D: Is there something different about you, Yaël? Is that a new outfit? No, wait, you got a haircut, right?
Y: Close—I got my hair dyed yesterday, Don.
D: Really? I could have sworn it was always blonde…
Y: Don’t worry, it’s just a tiny bit lighter now.
D: I knew it couldn’t have been anything dramatic—like what’s happening to Costa Rican black mantled howler monkeys.
Y: Are they getting their fur dyed?
D: No, but it is changing color. Researchers started noticing distinct yellow patches on these mostly black-furred monkeys, so they analyzed their fur. Usually, the hair contains a type of melanin—the pigment that controls hair and skin cells—called eumelanin, which is black, gray, or brown. But in the yellow fur, the scientists found a melanin type called pheomelanin, which contains sulfur, and is red, orange, or yellow. The monkeys already have some blondish-brown hair on their flanks, which might be why they’re more susceptible to this color change.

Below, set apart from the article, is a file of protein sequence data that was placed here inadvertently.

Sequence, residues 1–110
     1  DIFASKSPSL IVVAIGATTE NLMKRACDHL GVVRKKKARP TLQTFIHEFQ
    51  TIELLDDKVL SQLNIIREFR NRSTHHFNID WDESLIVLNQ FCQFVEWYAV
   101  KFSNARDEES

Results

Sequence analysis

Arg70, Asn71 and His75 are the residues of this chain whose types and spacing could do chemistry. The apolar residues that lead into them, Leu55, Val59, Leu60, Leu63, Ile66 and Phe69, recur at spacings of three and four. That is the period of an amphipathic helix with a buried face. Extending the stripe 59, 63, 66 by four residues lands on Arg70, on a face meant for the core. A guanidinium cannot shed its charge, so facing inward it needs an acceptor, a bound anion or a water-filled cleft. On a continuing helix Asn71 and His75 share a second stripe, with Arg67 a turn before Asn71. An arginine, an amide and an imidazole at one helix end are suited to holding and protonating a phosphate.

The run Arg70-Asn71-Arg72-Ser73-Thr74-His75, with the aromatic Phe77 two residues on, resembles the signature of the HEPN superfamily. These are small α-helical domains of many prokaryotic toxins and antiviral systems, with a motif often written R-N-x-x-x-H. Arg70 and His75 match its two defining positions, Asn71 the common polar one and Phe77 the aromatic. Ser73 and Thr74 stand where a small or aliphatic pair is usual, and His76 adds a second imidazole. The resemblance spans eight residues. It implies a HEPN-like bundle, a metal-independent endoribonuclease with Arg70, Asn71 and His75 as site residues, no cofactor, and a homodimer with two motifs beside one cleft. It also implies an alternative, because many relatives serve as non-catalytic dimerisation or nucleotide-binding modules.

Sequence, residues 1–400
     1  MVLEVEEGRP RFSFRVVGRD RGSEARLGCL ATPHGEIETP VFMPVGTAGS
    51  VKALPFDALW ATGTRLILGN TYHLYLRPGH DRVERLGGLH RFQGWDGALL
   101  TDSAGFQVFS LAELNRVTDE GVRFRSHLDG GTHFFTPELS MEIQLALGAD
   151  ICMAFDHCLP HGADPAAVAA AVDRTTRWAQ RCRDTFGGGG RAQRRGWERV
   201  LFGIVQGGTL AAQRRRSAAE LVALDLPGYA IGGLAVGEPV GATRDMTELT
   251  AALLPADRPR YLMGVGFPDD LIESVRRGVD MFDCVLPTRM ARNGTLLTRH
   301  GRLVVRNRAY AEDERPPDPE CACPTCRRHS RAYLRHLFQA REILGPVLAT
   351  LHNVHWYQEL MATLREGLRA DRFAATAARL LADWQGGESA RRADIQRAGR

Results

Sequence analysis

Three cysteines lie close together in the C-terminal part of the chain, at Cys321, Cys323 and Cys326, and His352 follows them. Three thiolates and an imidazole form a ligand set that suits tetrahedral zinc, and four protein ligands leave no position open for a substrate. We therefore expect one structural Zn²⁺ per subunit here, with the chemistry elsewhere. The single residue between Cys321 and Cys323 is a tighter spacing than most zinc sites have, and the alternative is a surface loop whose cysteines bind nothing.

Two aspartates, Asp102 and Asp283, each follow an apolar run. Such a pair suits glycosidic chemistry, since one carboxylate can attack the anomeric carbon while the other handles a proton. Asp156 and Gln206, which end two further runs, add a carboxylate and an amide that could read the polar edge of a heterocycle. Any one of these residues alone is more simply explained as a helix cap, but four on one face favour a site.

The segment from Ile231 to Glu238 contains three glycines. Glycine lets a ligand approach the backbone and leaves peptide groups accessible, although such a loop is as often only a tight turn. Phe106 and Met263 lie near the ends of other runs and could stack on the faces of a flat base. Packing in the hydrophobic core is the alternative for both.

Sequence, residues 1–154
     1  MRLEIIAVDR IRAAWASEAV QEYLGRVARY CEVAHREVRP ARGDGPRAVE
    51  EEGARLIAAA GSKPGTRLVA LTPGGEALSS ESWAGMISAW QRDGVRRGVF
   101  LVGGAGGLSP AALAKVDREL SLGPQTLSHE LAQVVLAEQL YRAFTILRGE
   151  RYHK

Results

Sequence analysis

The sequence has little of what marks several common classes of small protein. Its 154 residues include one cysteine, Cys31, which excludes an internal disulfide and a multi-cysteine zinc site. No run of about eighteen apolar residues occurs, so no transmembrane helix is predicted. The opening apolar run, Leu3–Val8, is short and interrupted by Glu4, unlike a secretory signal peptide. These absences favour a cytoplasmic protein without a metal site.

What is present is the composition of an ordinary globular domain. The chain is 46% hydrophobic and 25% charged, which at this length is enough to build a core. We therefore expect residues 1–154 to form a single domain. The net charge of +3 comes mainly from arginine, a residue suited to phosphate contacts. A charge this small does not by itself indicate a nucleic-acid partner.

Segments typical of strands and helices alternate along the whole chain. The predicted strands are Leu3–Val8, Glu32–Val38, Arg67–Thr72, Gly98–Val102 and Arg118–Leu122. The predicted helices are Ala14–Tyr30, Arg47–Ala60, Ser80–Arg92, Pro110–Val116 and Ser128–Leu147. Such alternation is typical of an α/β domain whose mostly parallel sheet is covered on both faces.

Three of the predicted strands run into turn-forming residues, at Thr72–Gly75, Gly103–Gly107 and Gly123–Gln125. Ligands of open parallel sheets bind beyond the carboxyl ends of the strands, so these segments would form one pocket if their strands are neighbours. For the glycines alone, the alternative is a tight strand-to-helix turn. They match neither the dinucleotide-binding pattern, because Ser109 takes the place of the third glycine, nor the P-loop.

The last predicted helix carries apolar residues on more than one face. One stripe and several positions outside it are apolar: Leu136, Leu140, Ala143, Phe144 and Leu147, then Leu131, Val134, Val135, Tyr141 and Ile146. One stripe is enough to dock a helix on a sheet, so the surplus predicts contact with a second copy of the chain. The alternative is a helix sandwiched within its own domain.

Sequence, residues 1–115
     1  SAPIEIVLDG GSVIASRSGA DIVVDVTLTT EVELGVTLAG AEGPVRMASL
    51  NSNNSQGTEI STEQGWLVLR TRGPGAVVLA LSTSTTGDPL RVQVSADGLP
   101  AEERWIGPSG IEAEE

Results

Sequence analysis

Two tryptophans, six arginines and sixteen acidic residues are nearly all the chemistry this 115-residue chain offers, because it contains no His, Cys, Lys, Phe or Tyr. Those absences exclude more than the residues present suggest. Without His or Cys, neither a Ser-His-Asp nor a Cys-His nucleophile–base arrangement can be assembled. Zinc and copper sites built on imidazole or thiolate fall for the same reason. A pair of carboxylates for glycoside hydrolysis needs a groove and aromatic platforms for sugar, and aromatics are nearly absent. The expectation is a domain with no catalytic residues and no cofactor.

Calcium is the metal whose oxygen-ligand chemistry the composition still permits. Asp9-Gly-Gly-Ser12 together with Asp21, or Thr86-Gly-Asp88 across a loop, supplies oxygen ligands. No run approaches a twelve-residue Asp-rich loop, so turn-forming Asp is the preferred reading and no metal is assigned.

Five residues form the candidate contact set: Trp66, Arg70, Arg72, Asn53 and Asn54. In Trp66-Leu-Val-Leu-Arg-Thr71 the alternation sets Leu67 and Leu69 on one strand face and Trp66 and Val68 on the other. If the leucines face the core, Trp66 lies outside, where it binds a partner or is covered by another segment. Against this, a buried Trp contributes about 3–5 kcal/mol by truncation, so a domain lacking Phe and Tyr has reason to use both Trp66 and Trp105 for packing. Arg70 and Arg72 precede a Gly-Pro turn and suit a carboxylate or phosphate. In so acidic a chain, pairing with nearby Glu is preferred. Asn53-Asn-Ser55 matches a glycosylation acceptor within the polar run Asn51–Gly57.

Y: What’s causing the pigment to change from one type to another?
D: Scientists think it’s a result of the monkeys ingesting sulfur. In Costa Rica, farms are often sprayed with sulfur-containing pesticides from small planes, and some of the pesticide lands on trees that the monkeys eat. Once inside the monkeys’ bodies, the sulfur mixes with the melanin structures in their hair and changes its composition, creating a different color. It’s a problem because a lighter coat makes the monkeys easier to spot for predators like jaguars. And the problem is growing—scientists have even seen some monkeys with completely yellow coats.
Y: It puts a bad hair day into a whole new perspective.